• U.S. 'Active Shooter' Incidents Surged in 2021: FBI

    The FBI defines an active shooter as “one or more individuals actively engaged in killing or attempting to kill people in a populated area.” Amass shooting is typically defined as a shooting that involves four or more victims and can take place in public or private spaces. There were 61 “active shooter” incidents in the United States last year, an increase of more than 50% from 2020 and more than twice as many as five years ago, the FBI reported.

  • Buffalo Attack Footage Spread Quickly Across Platforms, Has Been Online for Days

    The livestream of the accused Buffalo shooter’s deadly attack at a Buffalo supermarket was available briefly via Twitch, but the footage spread quickly across online platforms, and remains online for public consumption.

  • Next-Generation Search & Rescue: Body Cameras, Live Streaming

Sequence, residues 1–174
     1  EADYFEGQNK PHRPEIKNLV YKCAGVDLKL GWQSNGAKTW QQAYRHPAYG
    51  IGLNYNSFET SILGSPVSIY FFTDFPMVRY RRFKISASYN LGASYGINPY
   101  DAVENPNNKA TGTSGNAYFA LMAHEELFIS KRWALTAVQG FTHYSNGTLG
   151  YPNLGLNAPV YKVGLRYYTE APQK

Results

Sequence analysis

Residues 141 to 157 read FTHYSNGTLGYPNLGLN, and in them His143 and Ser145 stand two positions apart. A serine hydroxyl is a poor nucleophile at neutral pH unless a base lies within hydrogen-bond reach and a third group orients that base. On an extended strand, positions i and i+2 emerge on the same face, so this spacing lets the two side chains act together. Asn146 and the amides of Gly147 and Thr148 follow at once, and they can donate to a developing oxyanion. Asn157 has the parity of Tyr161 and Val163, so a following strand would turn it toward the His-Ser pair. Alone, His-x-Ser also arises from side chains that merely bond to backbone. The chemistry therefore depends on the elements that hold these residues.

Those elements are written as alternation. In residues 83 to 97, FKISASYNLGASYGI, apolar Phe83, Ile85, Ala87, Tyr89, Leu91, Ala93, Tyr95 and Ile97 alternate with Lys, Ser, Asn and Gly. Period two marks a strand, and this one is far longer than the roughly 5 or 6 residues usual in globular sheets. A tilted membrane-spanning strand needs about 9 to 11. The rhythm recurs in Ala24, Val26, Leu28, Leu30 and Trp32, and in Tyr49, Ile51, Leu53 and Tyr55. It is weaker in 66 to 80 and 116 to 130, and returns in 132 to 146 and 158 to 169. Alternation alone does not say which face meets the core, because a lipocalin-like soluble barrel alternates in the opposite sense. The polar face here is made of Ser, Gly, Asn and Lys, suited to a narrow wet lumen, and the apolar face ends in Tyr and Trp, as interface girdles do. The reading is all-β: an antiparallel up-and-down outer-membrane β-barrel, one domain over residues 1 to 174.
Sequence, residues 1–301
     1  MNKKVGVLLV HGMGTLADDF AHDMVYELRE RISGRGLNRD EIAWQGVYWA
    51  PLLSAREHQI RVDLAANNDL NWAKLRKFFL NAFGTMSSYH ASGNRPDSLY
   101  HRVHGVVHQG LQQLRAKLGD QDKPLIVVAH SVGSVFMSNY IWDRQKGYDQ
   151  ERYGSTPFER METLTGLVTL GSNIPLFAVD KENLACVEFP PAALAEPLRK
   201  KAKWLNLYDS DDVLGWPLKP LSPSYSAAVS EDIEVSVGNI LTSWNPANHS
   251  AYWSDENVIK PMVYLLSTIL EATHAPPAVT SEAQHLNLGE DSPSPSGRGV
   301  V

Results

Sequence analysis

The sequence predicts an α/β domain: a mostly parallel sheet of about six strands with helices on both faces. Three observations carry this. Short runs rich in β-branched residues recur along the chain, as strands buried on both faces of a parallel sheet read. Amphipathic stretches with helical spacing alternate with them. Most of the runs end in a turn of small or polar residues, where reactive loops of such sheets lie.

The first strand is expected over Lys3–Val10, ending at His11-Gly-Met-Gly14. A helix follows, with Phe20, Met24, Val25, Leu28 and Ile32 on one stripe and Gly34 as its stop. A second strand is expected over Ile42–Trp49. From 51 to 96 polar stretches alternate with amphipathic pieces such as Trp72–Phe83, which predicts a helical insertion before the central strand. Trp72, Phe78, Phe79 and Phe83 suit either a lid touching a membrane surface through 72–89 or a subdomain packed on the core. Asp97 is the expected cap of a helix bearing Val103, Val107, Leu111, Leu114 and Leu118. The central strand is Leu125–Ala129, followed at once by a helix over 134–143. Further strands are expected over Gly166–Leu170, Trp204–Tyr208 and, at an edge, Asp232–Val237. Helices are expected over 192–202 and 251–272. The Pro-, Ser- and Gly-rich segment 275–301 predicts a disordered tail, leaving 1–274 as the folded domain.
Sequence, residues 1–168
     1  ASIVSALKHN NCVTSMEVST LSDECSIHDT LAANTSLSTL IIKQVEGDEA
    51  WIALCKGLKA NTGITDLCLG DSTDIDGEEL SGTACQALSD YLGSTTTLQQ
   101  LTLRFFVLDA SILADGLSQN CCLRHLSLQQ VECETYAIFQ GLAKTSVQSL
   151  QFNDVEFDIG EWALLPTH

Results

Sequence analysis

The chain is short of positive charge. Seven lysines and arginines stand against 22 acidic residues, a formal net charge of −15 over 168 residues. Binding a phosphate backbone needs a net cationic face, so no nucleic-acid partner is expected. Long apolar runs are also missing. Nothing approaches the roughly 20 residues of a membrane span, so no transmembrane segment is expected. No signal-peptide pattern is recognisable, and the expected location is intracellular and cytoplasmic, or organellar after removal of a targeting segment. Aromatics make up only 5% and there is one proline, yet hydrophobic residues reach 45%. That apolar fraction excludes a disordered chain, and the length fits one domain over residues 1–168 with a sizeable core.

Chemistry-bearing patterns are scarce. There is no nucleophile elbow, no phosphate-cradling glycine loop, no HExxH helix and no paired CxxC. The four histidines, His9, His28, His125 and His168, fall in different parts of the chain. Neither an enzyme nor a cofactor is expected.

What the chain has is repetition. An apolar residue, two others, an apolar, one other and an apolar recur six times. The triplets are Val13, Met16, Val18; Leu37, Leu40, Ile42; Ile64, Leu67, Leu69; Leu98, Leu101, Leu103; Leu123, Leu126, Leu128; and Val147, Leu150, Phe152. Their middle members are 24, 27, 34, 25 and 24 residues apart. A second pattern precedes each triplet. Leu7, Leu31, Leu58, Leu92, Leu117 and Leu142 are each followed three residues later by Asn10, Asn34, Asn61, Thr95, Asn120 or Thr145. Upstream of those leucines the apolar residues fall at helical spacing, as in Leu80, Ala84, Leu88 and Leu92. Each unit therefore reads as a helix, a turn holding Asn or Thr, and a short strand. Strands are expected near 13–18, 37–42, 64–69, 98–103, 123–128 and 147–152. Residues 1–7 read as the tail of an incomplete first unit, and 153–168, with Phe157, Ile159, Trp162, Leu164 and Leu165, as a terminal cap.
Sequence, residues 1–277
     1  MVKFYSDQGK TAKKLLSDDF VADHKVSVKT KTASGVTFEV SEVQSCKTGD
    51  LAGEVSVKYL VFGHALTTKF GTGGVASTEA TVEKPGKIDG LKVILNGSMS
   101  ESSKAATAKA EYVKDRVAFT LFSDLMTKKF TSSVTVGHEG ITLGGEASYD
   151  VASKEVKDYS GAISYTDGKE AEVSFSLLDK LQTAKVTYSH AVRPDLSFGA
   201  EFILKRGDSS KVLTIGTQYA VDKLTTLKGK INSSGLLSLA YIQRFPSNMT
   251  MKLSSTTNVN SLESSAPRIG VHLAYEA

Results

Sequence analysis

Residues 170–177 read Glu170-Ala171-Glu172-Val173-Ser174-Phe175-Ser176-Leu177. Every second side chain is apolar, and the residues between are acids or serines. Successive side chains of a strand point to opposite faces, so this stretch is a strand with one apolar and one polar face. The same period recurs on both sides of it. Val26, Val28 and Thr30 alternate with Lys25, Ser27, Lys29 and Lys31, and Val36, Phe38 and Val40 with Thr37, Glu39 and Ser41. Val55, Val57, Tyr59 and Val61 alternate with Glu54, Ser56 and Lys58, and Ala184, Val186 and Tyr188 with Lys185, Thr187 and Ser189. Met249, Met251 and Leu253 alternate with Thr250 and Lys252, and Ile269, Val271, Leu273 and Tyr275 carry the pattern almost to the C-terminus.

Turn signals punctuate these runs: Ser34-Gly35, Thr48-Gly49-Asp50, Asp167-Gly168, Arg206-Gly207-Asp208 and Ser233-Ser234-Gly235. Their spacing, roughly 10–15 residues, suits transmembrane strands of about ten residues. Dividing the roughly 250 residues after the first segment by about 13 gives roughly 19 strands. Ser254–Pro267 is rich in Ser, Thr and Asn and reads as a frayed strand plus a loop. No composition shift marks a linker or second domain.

Typically, search and rescue teams in the wilderness use radio, in-person briefings, text messaging, drones and paper forms to communicate and coordinate their efforts. New digital tools have the potential to revolutionize wilderness search and rescue efforts.

  • Local, Temporary 5G Network to Help Fight Forest Fires

    When it comes to activities such as fighting forest fires, monitoring construction sites or providing multimedia services at sports and other mass events, a reliable, secure 5G campus network is often needed locally and temporarily to ensure maximum network coverage on the entire site.

  • Codifying Support for Nuclear Inspections in Iran

    The main obstacle for a new nuclear deal with Iran is Iran’s disregard of its safeguards commitments and defiance of standard International Atomic Energy Agency (IAEA) procedures are more problematic for a nuclear deal. Resolving those outstanding inspection issues offers a far more promising pathway to prevent Iran from building nuclear weapons in the long run.

  • DOJ Steps Up Hate Crime Prosecutions

    DOJ says that with hate crimes on the rise, U.S. federal prosecutors have charged more than 40 people with bias-motivated crimes since January 2021, obtaining over 35 convictions.